Degrowth Implies Voluntary Simplicity: Overcoming Barriers to Sustainable Consumption
17 Pages Posted: 23 Feb 2012
Date Written: February 23, 2012
This paper explores how consumer societies are structurally set up to oppose practices of sustainable consumption and how those structural obstacles could be overcome.
Our lifestyle decisions, especially our consumption decisions, are not made in a vacuum. Instead, they are made within social, economic, and political structures of constraint, and those structures make some lifestyle decisions easy or necessary and other lifestyle decisions difficult or impossible. Change the social, economic, and political structures, however, and different consumption practices would or could emerge. With a practical focus, this paper examines the extent to which people in consumer societies are ‘locked in’ to high consumption, energy-intensive lifestyles, and it explores ways that structural changes could facilitate a societal transition to practices of more sustainable consumption.
This subject should be of interest to all those broadly engaged in work on sustainability. But it should be of particular interest to those who have been convinced that the richest nations, if indeed they are serious about realising a sustainable world, ought to be initiating a degrowth process of planned economic contraction, with the aim of moving toward a socially desirable, ecologically sustainable, steady state economy. A degrowth or steady state economy will never emerge voluntarily within societies that are generally comprised of individuals seeking ever-higher levels of income and consumption. It follows that any transition to such an economy will depend upon people in those societies transitioning away from consumer lifestyles and embracing lifestyles of reduced and restrained consumption.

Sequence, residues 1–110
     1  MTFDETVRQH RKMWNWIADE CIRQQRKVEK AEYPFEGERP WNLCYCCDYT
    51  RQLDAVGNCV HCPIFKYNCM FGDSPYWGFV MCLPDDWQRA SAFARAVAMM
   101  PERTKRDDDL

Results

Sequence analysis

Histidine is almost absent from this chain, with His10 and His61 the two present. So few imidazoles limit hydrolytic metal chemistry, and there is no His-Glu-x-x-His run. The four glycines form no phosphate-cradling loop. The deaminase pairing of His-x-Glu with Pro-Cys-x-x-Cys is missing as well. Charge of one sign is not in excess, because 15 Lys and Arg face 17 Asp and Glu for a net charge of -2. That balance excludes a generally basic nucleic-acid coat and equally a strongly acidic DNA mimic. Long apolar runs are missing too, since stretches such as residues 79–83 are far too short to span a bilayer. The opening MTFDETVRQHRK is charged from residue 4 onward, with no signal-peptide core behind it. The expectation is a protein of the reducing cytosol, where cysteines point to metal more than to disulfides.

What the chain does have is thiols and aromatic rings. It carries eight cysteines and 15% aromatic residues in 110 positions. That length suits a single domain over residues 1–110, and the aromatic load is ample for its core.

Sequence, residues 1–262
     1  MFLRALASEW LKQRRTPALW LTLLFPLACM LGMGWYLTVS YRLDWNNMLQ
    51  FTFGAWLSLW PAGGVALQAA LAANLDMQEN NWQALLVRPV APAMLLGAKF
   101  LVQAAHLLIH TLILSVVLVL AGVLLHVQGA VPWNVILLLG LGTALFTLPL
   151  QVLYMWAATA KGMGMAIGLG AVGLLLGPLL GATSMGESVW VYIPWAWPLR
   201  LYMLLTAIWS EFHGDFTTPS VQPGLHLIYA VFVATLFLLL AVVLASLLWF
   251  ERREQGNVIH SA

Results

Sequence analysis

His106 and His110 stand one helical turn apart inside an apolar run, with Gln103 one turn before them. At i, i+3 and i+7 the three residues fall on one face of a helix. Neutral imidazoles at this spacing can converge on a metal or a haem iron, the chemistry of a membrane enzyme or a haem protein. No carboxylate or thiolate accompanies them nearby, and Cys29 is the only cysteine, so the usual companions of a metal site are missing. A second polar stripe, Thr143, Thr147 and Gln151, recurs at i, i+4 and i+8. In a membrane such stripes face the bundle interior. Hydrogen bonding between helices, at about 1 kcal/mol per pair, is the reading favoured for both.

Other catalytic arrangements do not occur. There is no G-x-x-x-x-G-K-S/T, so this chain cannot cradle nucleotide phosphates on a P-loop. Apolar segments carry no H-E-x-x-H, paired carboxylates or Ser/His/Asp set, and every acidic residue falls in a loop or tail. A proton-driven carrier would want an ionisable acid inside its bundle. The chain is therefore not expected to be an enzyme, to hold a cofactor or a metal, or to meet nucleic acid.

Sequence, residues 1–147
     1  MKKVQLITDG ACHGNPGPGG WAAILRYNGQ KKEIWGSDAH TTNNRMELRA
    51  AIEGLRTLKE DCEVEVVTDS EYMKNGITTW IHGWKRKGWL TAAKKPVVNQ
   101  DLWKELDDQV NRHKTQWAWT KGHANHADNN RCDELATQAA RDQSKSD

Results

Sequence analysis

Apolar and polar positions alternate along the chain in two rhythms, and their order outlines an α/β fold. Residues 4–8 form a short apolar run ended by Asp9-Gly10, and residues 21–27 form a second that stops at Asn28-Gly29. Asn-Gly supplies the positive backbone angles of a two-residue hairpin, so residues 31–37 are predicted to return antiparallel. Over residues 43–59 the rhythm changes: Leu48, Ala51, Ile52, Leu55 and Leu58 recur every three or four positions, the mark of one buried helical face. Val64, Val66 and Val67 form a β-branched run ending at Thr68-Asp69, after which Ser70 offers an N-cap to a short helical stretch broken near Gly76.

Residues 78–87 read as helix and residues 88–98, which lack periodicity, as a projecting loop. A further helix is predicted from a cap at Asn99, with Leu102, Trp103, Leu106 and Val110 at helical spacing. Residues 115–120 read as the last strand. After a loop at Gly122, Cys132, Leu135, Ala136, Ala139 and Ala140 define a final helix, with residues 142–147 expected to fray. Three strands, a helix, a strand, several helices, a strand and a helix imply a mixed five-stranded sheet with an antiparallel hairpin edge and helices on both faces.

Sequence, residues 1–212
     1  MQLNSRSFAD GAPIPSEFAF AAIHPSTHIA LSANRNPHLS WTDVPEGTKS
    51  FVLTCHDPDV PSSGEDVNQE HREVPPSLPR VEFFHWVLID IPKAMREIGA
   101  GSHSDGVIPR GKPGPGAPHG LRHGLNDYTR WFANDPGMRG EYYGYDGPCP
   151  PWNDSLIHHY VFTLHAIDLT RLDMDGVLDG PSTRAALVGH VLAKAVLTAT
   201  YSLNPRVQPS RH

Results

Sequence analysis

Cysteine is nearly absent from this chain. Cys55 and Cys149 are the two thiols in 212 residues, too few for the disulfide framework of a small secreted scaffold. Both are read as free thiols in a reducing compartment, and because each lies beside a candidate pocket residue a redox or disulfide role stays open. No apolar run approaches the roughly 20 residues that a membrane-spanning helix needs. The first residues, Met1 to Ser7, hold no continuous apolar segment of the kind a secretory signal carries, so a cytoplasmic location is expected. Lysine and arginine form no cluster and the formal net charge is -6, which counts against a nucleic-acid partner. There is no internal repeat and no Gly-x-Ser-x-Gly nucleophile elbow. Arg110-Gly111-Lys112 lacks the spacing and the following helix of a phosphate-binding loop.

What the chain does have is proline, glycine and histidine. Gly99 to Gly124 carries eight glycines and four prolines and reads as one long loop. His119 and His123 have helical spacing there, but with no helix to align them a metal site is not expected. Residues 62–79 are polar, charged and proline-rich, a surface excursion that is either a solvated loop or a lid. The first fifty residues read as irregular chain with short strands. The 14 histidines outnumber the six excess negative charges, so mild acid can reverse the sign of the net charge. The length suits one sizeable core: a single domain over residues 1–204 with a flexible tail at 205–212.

Keywords: sustainable consumption, voluntary simplicity, degrowth, post-growth, consumerism
Suggested Citation: Suggested Citation